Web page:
His aim was to make the Kurds (20% of the Turkish population) choose between his conservative, Muslim-inflected Turkish nationalism and the leftist Kurdish nationalism of the HDP. He tried to get back the conservative, rural Kurdish vote by associating the moderate HDP with the radical PKK. And he tried to scare the Turks who might have voted HDP in June with Kurdish separatism and the violence launched by the PKK that summer after the peace process was abrogated.

It worked. On November 1, in a snap election called because of the previous hung parliament, Erdogan’s party got almost 50% of the vote, allowing them to rule without forming a coalition with any other party.

In the meantime, Erdogan was involved in the Syrian civil war, backing Muslim fundamentalist groups against the secular authoritarian Baath Party. He backed Salafi groups in the northwest of Syria but not Daesh (ISIL, ISIS), which he occasionally bombed. He had the backing of the US and NATO in this policy of supporting the fundamentalist groups in the Northwest Theater and trying to overthrow the Baath. One embarrassment was that the best fighters on the fundamentalist side were al-Qaeda in Syria (the Nusra Front), with which many Salafi groups were actively allied but with which most of the fundamentalists at least occasionally tactically allied. The Turkmen fundamentalists in northern Syria supported by Turkey in some instances fought alongside al-Qaeda.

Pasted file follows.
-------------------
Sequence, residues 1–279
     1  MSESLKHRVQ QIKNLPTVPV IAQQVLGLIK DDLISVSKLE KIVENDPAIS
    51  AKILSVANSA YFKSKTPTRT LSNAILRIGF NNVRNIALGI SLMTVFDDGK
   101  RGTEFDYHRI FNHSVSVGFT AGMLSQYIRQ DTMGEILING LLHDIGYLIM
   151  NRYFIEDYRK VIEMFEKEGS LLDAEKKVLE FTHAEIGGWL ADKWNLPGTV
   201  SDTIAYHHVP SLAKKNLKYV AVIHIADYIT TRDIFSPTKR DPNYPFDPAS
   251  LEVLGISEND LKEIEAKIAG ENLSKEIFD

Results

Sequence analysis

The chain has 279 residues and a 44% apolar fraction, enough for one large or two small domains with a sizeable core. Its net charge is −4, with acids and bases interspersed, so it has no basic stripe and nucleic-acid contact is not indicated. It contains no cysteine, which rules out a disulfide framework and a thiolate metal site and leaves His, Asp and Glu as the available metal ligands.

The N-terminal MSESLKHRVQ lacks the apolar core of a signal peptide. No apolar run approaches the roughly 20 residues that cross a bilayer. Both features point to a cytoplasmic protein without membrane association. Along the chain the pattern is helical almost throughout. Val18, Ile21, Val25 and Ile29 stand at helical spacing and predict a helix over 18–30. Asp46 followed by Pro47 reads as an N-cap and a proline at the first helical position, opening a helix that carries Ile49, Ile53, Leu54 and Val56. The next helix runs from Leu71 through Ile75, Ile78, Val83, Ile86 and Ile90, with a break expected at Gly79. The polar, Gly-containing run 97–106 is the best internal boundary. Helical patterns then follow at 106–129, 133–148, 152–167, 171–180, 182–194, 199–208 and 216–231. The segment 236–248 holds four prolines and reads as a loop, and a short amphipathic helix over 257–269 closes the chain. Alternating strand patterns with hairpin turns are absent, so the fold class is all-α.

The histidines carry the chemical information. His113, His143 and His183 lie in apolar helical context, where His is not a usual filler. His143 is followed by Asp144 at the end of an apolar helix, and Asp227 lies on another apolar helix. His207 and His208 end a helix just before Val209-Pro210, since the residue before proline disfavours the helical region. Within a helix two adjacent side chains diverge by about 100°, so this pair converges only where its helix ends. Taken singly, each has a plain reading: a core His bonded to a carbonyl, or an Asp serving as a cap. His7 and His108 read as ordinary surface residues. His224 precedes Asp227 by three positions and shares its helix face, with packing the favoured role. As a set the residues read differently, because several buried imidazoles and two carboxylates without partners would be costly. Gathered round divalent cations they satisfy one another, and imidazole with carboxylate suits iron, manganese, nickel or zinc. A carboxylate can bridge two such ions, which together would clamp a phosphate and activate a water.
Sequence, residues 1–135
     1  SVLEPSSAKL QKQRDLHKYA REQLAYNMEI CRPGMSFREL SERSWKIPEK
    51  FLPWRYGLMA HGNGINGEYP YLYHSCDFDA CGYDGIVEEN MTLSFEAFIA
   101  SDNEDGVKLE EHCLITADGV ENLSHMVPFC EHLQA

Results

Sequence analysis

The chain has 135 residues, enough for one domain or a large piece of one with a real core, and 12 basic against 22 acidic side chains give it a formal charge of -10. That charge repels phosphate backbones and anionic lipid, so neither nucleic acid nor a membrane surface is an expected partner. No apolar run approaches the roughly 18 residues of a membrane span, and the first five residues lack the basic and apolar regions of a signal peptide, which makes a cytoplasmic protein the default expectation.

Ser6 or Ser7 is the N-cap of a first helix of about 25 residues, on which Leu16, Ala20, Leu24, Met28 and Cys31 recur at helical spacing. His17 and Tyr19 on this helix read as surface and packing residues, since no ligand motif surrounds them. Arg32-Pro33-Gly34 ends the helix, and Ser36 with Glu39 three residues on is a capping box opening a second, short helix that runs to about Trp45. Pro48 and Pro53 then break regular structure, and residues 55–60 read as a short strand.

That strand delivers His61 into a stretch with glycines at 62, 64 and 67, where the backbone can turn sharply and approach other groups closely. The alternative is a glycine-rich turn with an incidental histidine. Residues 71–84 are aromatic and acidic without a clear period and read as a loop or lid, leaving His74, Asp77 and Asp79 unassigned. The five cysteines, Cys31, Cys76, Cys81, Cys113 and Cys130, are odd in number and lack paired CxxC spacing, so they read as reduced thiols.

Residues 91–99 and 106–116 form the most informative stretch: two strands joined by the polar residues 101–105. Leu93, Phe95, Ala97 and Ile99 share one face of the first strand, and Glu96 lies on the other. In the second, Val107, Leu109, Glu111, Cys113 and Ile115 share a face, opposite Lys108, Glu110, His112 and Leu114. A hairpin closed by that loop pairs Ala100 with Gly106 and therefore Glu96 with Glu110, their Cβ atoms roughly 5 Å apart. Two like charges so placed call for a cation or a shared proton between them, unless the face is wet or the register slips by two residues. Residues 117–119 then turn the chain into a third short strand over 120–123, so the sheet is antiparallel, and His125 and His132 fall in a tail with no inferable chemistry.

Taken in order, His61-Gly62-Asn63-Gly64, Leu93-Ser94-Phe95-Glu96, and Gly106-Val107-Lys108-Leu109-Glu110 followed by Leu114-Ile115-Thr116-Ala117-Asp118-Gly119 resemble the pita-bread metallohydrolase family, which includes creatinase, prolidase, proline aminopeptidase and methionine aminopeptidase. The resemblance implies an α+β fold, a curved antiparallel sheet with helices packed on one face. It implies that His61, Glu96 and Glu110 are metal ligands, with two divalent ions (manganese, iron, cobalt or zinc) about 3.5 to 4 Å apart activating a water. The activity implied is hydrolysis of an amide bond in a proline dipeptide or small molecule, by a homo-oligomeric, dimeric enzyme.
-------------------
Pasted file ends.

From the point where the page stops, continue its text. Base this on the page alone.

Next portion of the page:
But Russia was not on board with this policy, and intervened from late summer to try to prop up the Baath. Russia was not so interested in fighting Daesh, which was out in the eastern desert and not a direct threat to the regime. The direct threat to the regime was the fundamentalists besieging western Aleppo, a regime hold-out, and the province of Latakia, with its key ports and Alawite population. Aleppo and Latakia were being targeted fundamentalist groups backed by Turkey, which set Turkey and Russia against one another.

Then on November 13, Daesh hit Paris. This brought the French into the Syrian struggle for the first time, determined to crush Daesh. And it provoked a French rethinking of the policy of supporting the fundamentalists in the Northwest Theater. The French foreign minister began talking about allying even with Bashar al-Assad’s forces against Daesh. And French president Francois Hollande began talking of a grand and unique anti-Daesh coalition that would include Russia, the very Russia propping up the Baath.

Erdogan was extremely threatened by these developments. It is possible that he again resorted to his old divide and rule tactics, but the divisive, negative sort he had deployed against the Turkish Kurds in the summer. He had a Russian fighter jet shot down, in hopes of driving Russia away from NATO and of making Hollande and NATO choose him and his fundamentalist guerrillas over Russia and the al-Assad government, putting Daesh and the Northeast Front back on the back burner.